You can then monitor the experiment right inside the notebook by printing our run variable (it is recommended to have azureml.widgets extension installed in Jupyter, if you are running it locally), or by going to the Azure ML Portal:
Hyperparameter Optimization using HyperDrive
Optimization of hyperparameters involves some sort of parametric sweep search, which means that we need to run many experiments with different combinations of hyperparameters and compare the results. This can be done manually using the approach we have just discussed, or it can be automated using the technology called Hyperdrive.
In Hyperdrive, we need to define search space for hyperparameters, and the sampling algorithm, which controls the way hyperparameters are selected from that search space:
In our case, the search space is defined by a set of alternatives (choice), while it is also possible to use continuous intervals with different probability distributions (uniform, normal, etc. - more details here). In addition to Random Sampling, it is also possible to use Grid Sampling (for all possible combinations of parameters) and Bayesian Sampling.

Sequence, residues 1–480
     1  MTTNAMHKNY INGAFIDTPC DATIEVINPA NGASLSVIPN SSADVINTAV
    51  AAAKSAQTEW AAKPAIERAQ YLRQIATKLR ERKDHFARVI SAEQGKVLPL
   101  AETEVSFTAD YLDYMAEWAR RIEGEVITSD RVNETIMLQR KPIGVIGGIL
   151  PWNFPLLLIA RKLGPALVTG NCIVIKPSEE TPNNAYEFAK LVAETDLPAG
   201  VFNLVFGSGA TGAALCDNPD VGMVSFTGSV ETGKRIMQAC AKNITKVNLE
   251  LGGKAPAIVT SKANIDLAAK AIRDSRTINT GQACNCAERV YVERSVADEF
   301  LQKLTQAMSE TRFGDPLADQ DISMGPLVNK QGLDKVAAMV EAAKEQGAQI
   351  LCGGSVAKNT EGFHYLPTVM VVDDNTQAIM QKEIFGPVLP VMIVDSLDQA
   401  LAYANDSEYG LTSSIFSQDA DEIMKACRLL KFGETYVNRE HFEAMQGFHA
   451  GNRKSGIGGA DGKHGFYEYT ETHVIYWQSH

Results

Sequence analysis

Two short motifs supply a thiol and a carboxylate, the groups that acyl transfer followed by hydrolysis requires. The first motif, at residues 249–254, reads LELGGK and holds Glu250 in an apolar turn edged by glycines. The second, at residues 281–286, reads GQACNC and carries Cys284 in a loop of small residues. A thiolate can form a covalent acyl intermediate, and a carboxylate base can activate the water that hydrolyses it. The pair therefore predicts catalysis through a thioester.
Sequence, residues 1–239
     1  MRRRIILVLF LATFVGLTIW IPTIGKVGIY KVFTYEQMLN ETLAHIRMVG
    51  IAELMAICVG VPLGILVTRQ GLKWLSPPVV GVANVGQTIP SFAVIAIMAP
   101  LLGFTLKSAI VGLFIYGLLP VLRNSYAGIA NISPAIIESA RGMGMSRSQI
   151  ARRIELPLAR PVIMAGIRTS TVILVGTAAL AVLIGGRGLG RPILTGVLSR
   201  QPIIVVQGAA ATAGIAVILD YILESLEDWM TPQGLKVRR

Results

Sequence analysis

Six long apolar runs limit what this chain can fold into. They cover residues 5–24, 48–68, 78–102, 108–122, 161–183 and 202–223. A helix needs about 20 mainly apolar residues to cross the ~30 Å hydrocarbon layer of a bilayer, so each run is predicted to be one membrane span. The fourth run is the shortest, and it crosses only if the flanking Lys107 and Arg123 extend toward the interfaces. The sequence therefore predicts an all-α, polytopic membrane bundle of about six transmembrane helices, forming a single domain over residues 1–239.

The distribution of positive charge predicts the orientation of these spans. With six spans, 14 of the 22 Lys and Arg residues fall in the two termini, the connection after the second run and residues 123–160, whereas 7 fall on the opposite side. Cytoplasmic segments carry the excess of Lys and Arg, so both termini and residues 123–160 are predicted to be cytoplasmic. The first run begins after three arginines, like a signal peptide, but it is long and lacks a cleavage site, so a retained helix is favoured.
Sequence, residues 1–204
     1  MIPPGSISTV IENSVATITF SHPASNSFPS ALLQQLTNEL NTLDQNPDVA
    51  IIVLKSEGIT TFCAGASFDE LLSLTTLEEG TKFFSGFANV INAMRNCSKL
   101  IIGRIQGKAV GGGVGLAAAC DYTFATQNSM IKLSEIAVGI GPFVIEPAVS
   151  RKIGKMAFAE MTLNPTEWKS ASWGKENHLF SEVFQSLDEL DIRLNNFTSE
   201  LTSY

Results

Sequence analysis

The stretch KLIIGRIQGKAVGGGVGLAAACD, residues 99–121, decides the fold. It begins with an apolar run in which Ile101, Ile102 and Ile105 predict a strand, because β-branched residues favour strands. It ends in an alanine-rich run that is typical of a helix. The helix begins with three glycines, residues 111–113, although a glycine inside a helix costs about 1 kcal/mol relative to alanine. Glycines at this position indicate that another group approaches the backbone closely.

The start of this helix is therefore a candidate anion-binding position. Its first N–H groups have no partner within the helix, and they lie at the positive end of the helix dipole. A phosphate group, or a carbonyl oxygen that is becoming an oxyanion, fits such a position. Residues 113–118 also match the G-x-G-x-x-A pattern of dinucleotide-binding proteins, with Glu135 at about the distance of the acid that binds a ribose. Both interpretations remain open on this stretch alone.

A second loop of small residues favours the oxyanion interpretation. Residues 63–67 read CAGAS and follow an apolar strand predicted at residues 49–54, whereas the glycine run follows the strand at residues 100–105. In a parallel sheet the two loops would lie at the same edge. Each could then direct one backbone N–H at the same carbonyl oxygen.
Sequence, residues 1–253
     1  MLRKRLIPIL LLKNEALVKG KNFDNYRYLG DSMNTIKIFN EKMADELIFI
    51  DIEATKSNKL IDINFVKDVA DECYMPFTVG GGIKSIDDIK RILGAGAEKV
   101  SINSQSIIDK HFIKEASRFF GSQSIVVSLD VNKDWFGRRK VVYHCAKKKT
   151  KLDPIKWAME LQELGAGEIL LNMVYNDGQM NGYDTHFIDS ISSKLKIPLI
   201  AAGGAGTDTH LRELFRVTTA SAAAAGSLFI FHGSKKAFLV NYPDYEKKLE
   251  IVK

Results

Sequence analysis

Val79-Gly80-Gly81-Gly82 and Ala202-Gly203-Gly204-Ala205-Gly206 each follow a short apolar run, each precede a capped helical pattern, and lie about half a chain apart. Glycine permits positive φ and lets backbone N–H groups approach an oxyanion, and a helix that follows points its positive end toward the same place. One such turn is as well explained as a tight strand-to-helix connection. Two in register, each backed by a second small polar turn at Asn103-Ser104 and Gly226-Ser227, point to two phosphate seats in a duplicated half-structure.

In addition, we can also specify Early Termination Policy. It makes sense if our script reports metrics periodically during the execution -- in this case we can detect that accuracy being achieved by a particular combination of hyperparameters is lower than median accuracy, and terminate the training early:
Having defined all the parameters for a hyperdrive experiment, we can submit it:
In the Azure ML Portal, hyperparameter optimization is represented by one experiment. To view all results on one graph, select include child runs checkbox:
Chosing the Best Model
We can compare the results and select the best model manually in the portal. In our training script train_keras.py, after training the model, we stored the result into outputs folder:
Having done this, we can now locate the best experiment in the Azure ML Portal and get the corresponding .hdf5 file to be used in inference:
Alternatively, we can use Azure ML Model Management to register the model, which would allow us to keep better track of it, and use it during Azure ML Deployment. We can programmatically find the best model and register it using the following code:
We have learnt how to submit Azure ML Experiments programmatically via Python SDK, and how to perform Hyperparameter optimization using Hyperdrive. While it takes a while to get used to this process, you will soon realize that Azure ML simplifies the process of model tuning, comparing to doing it "by hand" on a Data Science Virtual Machine.